A cursory glance at the Soundcast Melody Bluetooth speaker probably doesn’t elicit shivers and gasps over how cool it looks. The $449.99 (direct) Melody looks like it belongs somewhere in between the food processor and the toaster on your kitchen counter. Fortunately, Its performance and outdoor-friendly design more than make up for its stylistic shortcomings. This speaker can get very loud, and delivers beautifully balanced audio even at maximum volume. Despite its bulky frame, it’s very portable (just not easily pack-able), and is also splash-resistant and ideal for taking outdoors. Throw in the fact that the speaker can operate on a rechargeable battery, and you’ve got a winner. We happily give the strange-looking Melody our Editors’ Choice.
Visually, the Melody looks like…a bucket? Something made by Cuisinart? It’s hard to say, but in the age of sleek black-and-chrome speaker designs with rounded edges and very few buttons, the 9.5-by-9-inch (HW) circular, 9 pound Melody is, well, kind of ridiculous-looking. It’s not an attractive device, but let’s move on to the functionality of its design.
The Melody is easily transportable from one room to another thanks to the handle built into the top panel. This top panel houses the cursive Melody logo, as well as controls for power, Bluetooth pairing, track navigation, and volume. A rubberized cover that is connected to the back panel protects the micro-USB charging port (a charger is included), and 3.5mm Aux input. The rest of this circular beast is basically speaker grille, hiding four 3-inch drivers and four bass radiators that project sound in every direction. The rubberized bottom keeps it from sliding around on surfaces.
The best part about the Melody’s design, the one that makes you forget its early 90s styling, is the fact that it’s splash-proof and its plastics are UV ray-proof. This thing can hang poolside, and of course that means it’s also rechargeable—you needn’t keep the Melody plugged into the wall in order to use it. The lithium ion battery will give you approximately 20 hours of playback, but this will vary based on volume levels, and whether it’s streaming or playing via the 3.5mm input.
The Melody ships with the previously mentioned micro-USB wall charger (you can also use the cable to charge via computer), a 12V auto adapter for charging in your car, and a 3.5mm audio cable for the Aux input.
Maybe the Melody isn’t the best-looking speaker we’ve seen, but from an audio standpoint it’s a winner. At maximum volumes on both the speaker and the sound source (in this case, an iPhone 4S), the Melody delivered some seriously powerful sound. On tracks with intense sub-bass content, the Melody delivers a thunderous low-end at top volumes with zero distortion. Better yet, it delivers this thunder with balance—the mids and highs are in full, clear force, as well.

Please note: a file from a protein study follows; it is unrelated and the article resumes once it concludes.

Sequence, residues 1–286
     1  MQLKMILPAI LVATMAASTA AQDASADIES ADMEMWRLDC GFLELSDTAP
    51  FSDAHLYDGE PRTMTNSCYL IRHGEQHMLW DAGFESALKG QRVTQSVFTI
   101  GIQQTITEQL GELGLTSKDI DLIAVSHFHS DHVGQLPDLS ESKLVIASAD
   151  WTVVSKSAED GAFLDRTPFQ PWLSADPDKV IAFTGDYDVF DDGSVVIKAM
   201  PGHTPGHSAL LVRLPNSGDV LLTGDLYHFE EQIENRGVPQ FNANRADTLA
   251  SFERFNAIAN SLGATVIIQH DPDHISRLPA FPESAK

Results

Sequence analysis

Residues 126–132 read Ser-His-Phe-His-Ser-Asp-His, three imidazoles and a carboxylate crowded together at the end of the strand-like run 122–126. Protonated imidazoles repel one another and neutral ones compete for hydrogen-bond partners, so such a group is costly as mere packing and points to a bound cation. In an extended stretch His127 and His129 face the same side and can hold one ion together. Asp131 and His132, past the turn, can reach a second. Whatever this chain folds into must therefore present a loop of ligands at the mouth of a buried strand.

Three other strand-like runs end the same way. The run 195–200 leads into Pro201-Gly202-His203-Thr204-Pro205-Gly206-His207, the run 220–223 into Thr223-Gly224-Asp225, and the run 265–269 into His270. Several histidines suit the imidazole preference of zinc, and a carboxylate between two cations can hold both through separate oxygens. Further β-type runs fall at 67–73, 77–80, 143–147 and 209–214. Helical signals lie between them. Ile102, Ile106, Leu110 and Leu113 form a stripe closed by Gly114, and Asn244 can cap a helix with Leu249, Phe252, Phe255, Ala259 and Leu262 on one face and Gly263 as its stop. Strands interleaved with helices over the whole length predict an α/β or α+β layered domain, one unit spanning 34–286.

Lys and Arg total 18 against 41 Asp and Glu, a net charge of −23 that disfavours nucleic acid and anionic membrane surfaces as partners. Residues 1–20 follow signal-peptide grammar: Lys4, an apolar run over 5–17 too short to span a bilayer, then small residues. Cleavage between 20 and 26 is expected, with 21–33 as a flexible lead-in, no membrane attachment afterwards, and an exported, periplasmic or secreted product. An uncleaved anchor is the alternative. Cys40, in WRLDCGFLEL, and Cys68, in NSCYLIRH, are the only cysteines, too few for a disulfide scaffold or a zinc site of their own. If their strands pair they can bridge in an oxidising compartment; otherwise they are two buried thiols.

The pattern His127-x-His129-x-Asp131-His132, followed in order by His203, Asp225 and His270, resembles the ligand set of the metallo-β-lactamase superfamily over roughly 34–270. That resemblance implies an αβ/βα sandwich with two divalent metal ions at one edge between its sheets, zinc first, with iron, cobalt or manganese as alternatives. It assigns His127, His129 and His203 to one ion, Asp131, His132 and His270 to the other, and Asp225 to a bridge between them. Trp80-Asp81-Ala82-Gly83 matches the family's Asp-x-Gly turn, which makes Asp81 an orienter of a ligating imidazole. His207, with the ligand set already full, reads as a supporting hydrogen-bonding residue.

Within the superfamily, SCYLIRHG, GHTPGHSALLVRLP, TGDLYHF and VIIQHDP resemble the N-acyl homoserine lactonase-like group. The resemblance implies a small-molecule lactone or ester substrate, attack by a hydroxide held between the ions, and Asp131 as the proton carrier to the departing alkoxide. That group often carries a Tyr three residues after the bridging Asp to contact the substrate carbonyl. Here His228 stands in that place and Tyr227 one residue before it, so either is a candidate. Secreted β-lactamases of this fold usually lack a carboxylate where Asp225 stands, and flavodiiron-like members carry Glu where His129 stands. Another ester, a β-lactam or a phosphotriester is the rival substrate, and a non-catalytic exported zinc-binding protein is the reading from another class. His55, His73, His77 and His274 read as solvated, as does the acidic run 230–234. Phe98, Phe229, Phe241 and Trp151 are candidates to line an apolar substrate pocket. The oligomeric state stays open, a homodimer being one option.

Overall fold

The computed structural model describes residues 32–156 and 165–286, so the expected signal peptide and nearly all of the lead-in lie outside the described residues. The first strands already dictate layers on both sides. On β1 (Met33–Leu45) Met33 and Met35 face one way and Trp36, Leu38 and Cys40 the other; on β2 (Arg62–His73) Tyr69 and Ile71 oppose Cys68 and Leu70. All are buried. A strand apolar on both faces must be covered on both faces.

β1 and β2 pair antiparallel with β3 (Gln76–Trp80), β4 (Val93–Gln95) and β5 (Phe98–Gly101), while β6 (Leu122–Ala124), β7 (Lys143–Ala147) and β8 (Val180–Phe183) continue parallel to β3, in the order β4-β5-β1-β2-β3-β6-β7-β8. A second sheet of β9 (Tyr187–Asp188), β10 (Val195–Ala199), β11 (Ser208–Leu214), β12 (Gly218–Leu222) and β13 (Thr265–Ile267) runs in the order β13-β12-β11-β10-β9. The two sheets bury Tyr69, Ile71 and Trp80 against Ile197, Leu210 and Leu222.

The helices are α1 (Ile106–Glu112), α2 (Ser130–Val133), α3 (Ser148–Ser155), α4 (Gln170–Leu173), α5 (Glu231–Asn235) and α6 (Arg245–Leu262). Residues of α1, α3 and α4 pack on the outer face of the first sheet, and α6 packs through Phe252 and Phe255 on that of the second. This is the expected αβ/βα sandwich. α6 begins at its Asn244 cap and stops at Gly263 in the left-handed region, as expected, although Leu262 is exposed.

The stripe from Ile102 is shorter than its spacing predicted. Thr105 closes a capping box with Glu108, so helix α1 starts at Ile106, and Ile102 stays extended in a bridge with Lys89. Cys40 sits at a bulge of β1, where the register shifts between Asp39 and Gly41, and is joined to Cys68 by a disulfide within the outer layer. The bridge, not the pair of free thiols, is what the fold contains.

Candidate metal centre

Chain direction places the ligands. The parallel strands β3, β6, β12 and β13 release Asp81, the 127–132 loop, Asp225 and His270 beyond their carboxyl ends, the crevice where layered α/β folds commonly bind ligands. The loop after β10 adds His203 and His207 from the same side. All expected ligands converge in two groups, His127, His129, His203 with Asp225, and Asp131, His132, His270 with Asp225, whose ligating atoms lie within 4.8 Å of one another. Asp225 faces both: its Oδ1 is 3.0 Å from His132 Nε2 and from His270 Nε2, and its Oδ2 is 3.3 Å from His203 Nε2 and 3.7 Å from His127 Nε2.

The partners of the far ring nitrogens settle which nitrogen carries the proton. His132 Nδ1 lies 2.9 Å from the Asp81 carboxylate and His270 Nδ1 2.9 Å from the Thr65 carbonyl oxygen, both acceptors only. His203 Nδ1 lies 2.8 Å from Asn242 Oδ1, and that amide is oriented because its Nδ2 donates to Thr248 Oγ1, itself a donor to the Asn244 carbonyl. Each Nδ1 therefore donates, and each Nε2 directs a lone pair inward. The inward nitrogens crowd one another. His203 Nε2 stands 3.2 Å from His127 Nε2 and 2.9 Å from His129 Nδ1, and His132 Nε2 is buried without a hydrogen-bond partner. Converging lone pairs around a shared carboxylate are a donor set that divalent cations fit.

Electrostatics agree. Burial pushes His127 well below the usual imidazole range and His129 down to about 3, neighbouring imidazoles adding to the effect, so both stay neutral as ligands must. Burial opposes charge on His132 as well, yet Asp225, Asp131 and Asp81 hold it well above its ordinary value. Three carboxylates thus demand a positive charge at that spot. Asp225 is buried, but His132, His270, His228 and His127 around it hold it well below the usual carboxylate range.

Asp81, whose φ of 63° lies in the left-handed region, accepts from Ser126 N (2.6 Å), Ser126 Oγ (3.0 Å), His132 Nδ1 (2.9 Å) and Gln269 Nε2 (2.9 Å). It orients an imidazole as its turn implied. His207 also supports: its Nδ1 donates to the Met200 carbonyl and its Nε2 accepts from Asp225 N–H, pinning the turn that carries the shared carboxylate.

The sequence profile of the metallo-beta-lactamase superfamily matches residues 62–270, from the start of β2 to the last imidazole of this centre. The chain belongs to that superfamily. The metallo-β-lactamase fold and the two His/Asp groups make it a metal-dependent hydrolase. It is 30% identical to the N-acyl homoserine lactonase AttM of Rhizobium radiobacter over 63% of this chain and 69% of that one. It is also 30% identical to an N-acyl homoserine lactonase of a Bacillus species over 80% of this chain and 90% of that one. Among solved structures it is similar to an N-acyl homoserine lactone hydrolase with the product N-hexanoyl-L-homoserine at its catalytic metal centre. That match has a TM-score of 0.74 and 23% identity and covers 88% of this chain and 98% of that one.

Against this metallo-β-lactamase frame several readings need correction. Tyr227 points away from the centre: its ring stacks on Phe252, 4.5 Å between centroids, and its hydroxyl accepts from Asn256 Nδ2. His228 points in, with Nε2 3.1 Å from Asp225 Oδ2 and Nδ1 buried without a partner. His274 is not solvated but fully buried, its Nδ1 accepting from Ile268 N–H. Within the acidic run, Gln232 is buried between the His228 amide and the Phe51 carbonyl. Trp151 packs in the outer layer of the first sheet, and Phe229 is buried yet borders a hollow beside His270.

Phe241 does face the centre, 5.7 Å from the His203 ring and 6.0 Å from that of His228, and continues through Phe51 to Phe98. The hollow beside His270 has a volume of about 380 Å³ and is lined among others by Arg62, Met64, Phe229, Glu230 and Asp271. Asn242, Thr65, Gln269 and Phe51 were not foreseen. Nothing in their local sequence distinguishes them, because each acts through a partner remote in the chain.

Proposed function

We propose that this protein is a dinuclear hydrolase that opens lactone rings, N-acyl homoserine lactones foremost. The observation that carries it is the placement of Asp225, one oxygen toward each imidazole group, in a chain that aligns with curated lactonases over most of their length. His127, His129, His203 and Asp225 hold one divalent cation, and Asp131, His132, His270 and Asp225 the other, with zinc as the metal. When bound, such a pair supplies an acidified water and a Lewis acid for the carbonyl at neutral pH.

On Bill Callahan’s “Drover,” the Melody finds the sweet spot, balancing his rich baritone vocals with a crisp, high-mid edge that helps them stay in the forefront of the mix. The drumming in the background gets a decent amount of bass-boost, but it’s the vocals and guitar strumming that capture your attention. There’s no shortage of rich lows, but in both scenarios, the brightness of each comes through most. There’s a nice sheen to the Melody’s output, without ever sounding shrill or overly sibilant.
On Jay-Z and Kanye West’s “No Church in the Wild,” the kick drum loop gets the ideal mix of bass presence and high-mid edge, which accentuates its attack. The sub-bass synth hits that punctuate the beat are delivered with some truly deep lows. There’s definitely subwoofer-esque rumble here, but things never sound over-the-top. It’s true that purists seeking a flat response system may want a less boosted and sculpted sound, but nothing here is so egregiously exaggerated that it sounds unnatural.
Classical tracks, like John Adams’ “The Chairman Dances,” receive a much more subtle bass boosting. The lower register strings and percussion have an added richness to them, but nothing that will offend the sensibilities of classical music lovers, while the higher register strings, brass, and percussion stay in the forefront.
What the Melody lacks in style, it makes up for in audio performance, portability, and durability. Still, if you want a speaker that looks a bit more glamorous and still delivers powerful audio with strong bass response, the Bowers & Wilkins Z2 and Cambridge Audio Minx Air 200 are both good-looking, solid wireless speakers. The former is AirPlay only, though, while the latter supports both AirPlay and Bluetooth. Neither is rechargeable or portable. And if by “portable”, you were thinking something more along the lines of a speaker you can shove in a small bag, check out the Bose SoundLink Bluetooth Mobile Speaker II. It can’t get nearly as loud, but delivers excellent audio for its size. And if all of these options are too pricey, the comparatively tiny portable Panasonic SC-NT10 delivers some of the best Bluetooth audio available in the $100 price range. For its high price, the Melody delivers on every front except style, and its audio performance and outdoor-friendliness earn it our Editors’ Choice, despite not looking as cool as the competition.
|Wireless Remote Control||No|
|Type||iPod, Computer, Wireless, Portable, iPad, iPhone, Android|
Copyright © 2012 Ziff Davis, Inc